150 years ago today, the drowning of Grafton's first bishop
150 YEARS ago today, the first Bishop of Grafton Dr William Collinson Sawyer was tragically drowned with his son and other household members in a boating tragedy.
The details of his journey to becoming the bishop, and his sad demise were captured in an eloquent piece of reporting, revisited by The Daily Examiner 60 years later in 1928.
Of all the sad drowning fatalities that the mother colony of New South Wales suffered in the early days of settlement, when the North Coast was young and battling for its very existence, to none is attached the pathetic interest surrounding the lamentable loss by drowning of Dr. William Collinson Sawyer, the first Bishop of Grafton, who, with his son and members of his house-hold, was drowned in the Clarence River there whilst returning home from Evensong on Sunday night, March 15, 1868.
Though sixty long years have rolled by since that event was enacted, the tragedy is frequently discussed as there are old residents still living who remember the sad happening.
Early in the "sixties" an agitation, led by Mr. Clark Irving, then owner of Tomki station (between Lismore and Casino), was set on foot for the separation from Newcastle of a coastal Anglican diocese, with Grafton as the See.
It received solid support from the squatters, including Major Chauvel (Tabulam), Mr. E. D. S. Ogilvie (Wiangarie), and Mr. John Tindal (Ramornie), Mr. Irving setting a fine example by giving £2000 towards the founding of an endowment fund. The matter was settled at a meeting held in Sydney on January 21, 1862. After disappointments extending upwards of four years, in 1866 the Rev. S. R. Waddelow was chosen as the first Bishop, but he with drew because of ill-health, and shortly afterwards died. The next choice fell upon the Rev. W. C. Sawyer, D.D., who was in receipt of an income of £1200 a year. He was a man admirably quali fied for the work for which he had been selected and was universally respected and loved, and only 36 years of age. He accepted the Bishopric which carried a salary of only £600 per annum.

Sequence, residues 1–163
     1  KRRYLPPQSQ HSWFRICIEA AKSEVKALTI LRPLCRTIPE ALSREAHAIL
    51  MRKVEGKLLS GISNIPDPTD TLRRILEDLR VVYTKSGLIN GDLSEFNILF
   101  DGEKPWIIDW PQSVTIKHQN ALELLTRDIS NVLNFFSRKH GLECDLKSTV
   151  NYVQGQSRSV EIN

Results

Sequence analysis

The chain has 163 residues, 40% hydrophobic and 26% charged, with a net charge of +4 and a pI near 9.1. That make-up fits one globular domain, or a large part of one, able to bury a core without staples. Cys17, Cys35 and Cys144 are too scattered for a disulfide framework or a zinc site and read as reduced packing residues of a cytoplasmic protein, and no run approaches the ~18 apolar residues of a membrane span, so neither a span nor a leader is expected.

He was consecrated at Canterbury on February 2, 1867, and with his party arrived in the colony in December of the same year. His family remained with Bishop Tyrell of Newcastle, for eight weeks while he made his first visit to his large diocese which included Armidale and the western plains. He then joined them and took them by steamer to Grafton. On Friday, March 13, they got into the nice home that had been secured for them on the left bank of the Clarence about a mile and a half below Grafton on the same side of the river. The house, a brick one with massive cedar staircase and window shutters resembling an English villa, is still well preserved and is now the home of Miss Cameron. The locality is just past the cemeteries, and was the scene of Carter and Selman's factories.
On that Sunday evening the Bishop drove to the service, leaving at home his wife and several of his children, also his brother, who was a doctor. As the road lay through the heavy cedar brush and was dark and ough, the Bishop gave orders that his boat should take him home. Not being a swimmer he had a life belt to put in his boat in case of accident, but on this occasion it was left at the house. The rest of the sad story has been graphically told by various old residents, the heart of Mr.James Creighton, the only survivor of the party (now an estate agent in Grafton town, still hale and hearty despite the weight of four score years) being always too heavy to tell it in full.
It was a memorable service attended by the writer's parents. The church was very full, the Bishop's sermon, which was on the subject of "The unjust steward," from 16th chapter of St. Luke's Gospel, was remarkably earnest and searching. He spoke of the necessity for being prepared to meet our Creator. Mr. Creighton, who heard it, states: "The Bishop said these prophetic words: 'Only imagine in one short hour falling at your Saviour's feet,' "and as those words fell from his lips there was a heavenly expression in his face I shall never forget."
After the blessing his private prayer was unusually prolonged, so that the congregation, moved by the exceeding solemnity and beauty of the sermon, began to wonder when it would end.